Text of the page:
The Owl House: Why I love exploring abandoned buildings

the abandoned Owl House

I love finding new abandoned spaces to explore. There is a thrill, a heightened awareness that comes with just the right level of dangerousness  for my intensity meter. I have been exploring deserted places since I was a kid, my wacky wonderful parents were rebellious young  baby boomers who were not going to be stifled by the fact that a baby girl decided she was going to be part of the party.

Today in the Kittitas Valley in Eastern Washington I was gifted with an outrageosuly cool abandoned house. It takes some bravery to stroll into these decrepit spaces, you never know who, or what might be in there.

Some of the shots get very painterly and abstract. Like an energetic signature.

These next 2 paragraphs are from one of my all-time favorite blog posts when I lived in New Mexico called “Trespassing, Holy Dirt, and Baby Jesus’ Shoes.”’-shoes/

When I was traveling around the American West visiting horse people, I had an amazing trespassing experience in the old mining town of Wallace, ID. I found an old Victorian home that looked as if it had not been occupied since the 1940’s or 50’s. The peeling wallpapers and layers of paint patinas were glorious. When I went upstairs, the back bedroom was completely intact. It was so eerie, I could feel the old woman who lived there. You have to be careful about what has taken up residence in these deserted places. You are entering a sacred temple, and the lives of the past occupants are still present. It serves you to be quiet, respectful and alert.

Part of the reason I go into these deserted places is because they are portals. They are crossroads; liminal spaces where the divine and the mundane meet; truly alternate realities. There are potent forces that gather where the heavens and earth merge, and what might you create there? New Mexico itself is one big magical multi-cultural land of enchantment and mystery.  It has revealed itself to me on occasion.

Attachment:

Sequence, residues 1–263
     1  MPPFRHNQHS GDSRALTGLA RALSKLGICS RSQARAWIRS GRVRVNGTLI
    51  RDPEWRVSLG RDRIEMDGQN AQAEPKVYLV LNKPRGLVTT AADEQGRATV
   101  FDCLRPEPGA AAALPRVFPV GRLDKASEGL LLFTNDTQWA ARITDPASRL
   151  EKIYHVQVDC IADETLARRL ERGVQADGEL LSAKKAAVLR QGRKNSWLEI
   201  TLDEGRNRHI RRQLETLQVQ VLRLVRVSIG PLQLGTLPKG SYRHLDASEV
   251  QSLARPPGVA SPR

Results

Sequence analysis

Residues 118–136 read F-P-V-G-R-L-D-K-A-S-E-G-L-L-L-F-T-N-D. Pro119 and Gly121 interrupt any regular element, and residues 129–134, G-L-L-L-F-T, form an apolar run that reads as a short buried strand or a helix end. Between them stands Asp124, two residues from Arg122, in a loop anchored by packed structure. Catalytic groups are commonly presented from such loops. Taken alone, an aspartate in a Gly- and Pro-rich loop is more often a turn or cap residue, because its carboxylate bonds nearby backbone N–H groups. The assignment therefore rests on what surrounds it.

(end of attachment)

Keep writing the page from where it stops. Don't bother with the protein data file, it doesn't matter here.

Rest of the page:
So back to Ellensburg today, as I entered, one of my ALL TIME FAVORITE THINGS ON THE PLANET greeted me as it flew out the large opening on one side of the house, a BARN OWL!! I am owl crazy. period. They do it for me, and in this abandoned roost that I now call Owl House there were more owl pellets {the regurgitation of the inedible parts of their fully devoured prey} than I have ever seen anywhere. It added such a cool element to this trashed environment, with half its roof missing.

Oh the magic of old wallpaper.

A cool mix of pictures came forth with my now favorite Hipstamatic app on my iPhone and their other product the Incredibooth that takes photo booth type strips of pictures. It’s the best 4 bucks I have spent in a long time. So all these images are from this sublime decaying building that was just sitting there in the middle of a field waiting for me to love it.

Pull Tabs RULE!

And sorry to the 2 barn owls who had to circle and hide in the irrigation ditch this afternoon while I rooted around. I will make it up to you, promise!!

OK, so my inner mama bear is coming out, if you do go into these places be VERY CAREFUL, they are disintegrating, the floor may give. Be mindful. Good-and eat your Wheaties too!

Multi-sensory awareness captured on film.

Exit through the gift shop? Surprisingly there was very little graffiti here. Maybe Ellensburg youth have other artistic outlets!

"Oh Mystic Wheelbarrow, fly me to my destiny in the stars!"

  1 comment for “The Owl House: Why I love exploring abandoned buildings

  1. I.v.p.
    February 3, 2012 at 1:17 pm

    Love The pictures of abandoned house: so poeticly abstact and yet so real ! You captured The magic and The mistery!!!! Beautifull 🙂


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